Faith communities and activists from all over the UK played a significant part in volunteering activities for the , the impact of which is expected to resonate long after the Coronation Bank Holiday weekend. Thousands of events and initiatives were organised across the country, as community leaders from , Sikh, Buddhist, Muslim, Jewish, Christian and all other faiths embraced the community spirit.
Sukhbir Singh, Founder of Feed My City – a British Sikh community charity), said: “Feed My City as part of the #TheBigHelpOut Coronation celebrations of our King Charles, have provided hundreds of hot meals to faith organisations, community groups, homeless shelters and street parties in Greater Manchester!
“We are proud of our inspirational, amazing volunteers who work so hard and joining in the festivities to celebrate the Coronation.”
Gurpreet Singh Anand, Chair of the Central (Khalsa Jatha) London (Sikh Temple), said the group prepared 150 hot meals for the homeless to be distributed by its partners NishkamSWAT.
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, said they had nine branches from across the nation to help out at old people homes, clean churchyards, litter collection and deliver warm curry to people in need.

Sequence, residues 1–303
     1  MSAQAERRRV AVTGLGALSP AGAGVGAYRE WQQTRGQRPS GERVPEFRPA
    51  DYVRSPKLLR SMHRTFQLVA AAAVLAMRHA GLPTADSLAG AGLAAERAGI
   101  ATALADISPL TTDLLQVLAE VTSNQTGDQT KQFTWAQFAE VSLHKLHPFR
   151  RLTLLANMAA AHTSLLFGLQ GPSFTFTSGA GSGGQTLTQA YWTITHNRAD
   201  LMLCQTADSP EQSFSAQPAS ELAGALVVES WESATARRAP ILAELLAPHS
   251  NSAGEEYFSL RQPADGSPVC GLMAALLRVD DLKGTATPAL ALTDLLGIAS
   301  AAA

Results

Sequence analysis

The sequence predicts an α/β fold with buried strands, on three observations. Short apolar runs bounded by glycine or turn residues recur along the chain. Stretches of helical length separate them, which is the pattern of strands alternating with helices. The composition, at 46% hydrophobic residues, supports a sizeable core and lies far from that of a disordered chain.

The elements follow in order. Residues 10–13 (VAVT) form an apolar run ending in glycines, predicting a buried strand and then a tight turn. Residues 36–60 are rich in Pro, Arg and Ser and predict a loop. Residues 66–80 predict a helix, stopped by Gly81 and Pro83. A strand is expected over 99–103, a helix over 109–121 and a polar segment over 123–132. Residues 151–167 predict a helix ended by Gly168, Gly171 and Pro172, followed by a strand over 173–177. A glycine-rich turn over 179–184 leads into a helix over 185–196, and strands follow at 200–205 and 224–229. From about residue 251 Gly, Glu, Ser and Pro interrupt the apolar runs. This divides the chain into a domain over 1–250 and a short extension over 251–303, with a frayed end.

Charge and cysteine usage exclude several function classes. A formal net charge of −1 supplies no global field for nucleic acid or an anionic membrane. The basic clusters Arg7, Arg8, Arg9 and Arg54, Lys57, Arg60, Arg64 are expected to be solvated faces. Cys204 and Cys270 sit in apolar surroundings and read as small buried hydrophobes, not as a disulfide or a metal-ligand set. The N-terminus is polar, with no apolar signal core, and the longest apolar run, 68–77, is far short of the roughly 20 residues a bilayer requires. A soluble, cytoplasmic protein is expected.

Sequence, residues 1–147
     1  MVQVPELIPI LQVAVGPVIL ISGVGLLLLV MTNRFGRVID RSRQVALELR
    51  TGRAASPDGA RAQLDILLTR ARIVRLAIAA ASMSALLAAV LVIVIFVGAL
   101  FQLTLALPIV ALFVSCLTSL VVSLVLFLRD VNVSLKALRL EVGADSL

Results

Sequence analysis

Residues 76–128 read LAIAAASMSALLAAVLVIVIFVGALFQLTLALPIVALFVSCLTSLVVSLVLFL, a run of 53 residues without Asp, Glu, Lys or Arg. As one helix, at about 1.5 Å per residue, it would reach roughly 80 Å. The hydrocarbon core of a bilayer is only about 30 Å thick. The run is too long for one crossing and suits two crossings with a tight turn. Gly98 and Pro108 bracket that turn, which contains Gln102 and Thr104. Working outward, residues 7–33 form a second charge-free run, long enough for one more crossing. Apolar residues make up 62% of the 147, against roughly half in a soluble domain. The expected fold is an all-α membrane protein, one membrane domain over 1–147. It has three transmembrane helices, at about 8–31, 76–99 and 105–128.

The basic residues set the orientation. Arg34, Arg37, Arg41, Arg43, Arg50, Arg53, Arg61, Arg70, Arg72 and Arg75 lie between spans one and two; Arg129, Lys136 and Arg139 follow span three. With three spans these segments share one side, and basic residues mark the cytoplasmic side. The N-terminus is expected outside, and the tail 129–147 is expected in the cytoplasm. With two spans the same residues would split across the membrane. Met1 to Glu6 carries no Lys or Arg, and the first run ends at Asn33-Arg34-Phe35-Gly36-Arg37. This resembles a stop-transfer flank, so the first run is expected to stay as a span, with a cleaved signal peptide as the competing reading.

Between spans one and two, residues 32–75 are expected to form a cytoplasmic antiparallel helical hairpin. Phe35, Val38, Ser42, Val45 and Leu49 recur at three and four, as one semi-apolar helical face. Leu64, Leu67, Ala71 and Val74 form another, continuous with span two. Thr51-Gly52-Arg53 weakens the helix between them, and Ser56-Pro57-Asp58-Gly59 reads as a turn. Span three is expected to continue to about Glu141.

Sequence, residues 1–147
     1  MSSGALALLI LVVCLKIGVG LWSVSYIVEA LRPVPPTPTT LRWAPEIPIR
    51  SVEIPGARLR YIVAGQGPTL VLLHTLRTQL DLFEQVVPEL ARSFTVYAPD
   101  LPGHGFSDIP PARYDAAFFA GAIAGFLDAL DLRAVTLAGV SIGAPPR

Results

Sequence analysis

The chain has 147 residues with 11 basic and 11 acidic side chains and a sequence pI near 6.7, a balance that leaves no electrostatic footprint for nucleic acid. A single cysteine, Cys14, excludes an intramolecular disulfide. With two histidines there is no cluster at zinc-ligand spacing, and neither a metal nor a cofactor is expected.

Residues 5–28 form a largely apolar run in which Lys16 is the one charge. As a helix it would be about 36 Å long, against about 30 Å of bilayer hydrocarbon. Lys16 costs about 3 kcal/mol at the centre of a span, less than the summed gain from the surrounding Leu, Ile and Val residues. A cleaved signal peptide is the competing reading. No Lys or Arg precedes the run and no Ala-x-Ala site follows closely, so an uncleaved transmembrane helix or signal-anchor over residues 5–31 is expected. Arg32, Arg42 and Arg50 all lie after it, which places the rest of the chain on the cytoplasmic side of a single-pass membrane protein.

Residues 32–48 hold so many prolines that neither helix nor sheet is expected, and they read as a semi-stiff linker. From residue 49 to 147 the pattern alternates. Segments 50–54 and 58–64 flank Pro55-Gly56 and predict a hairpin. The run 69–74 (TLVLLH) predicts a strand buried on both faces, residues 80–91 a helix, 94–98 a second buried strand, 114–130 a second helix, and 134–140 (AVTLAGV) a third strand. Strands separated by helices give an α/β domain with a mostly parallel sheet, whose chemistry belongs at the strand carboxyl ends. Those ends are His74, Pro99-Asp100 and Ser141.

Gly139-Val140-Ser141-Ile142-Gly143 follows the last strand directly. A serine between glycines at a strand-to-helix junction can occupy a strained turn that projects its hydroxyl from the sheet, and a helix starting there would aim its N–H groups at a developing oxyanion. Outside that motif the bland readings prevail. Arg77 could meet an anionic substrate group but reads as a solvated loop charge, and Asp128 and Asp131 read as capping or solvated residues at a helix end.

“Above all, they made a difference, putting smiles on faces,” she said.
Some examples of faith-led Big Help Out events included:
Free health screening checks for the community led by volunteers from
The clean up of the area surrounding the bowling green at a local Bowling & Croquet Club and spruce up of the clubhouse led by the HSS UK Volunteers in Barnet
The serving of 300+ hot meals, tea and coffee, non-perishables and provisions to the homeless community and anyone in need in London by NishkamSWAT
Food preparation and delivery to those in need led by the charity Feed My City Manchester
The cooking and packaging of hundreds of hot meals to be distributed to the homeless in London led by Central Gurdwara London
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Zaki Cooper, who led the mobilisation of faith communities for the , said: “The UK’s range of faith communities did amazing volunteering today as part of the Big Help Out. They donated and distributed food, collected old clothes as well as organised tree planting, litter picks and even a beach clean-up in Wales. Inspired by their religious obligations to do good and to build a better society, they volunteered in very high numbers.
“They were also moved to be active in tribute to the , who has been so passionate in cultivating strong relationships with all Britain’s different faith communities. They helped to make the Big Help Out even bigger and better, and to enhance community spirit. By focusing on what we have in common rather than what divides us, we are so much stronger as a nation.”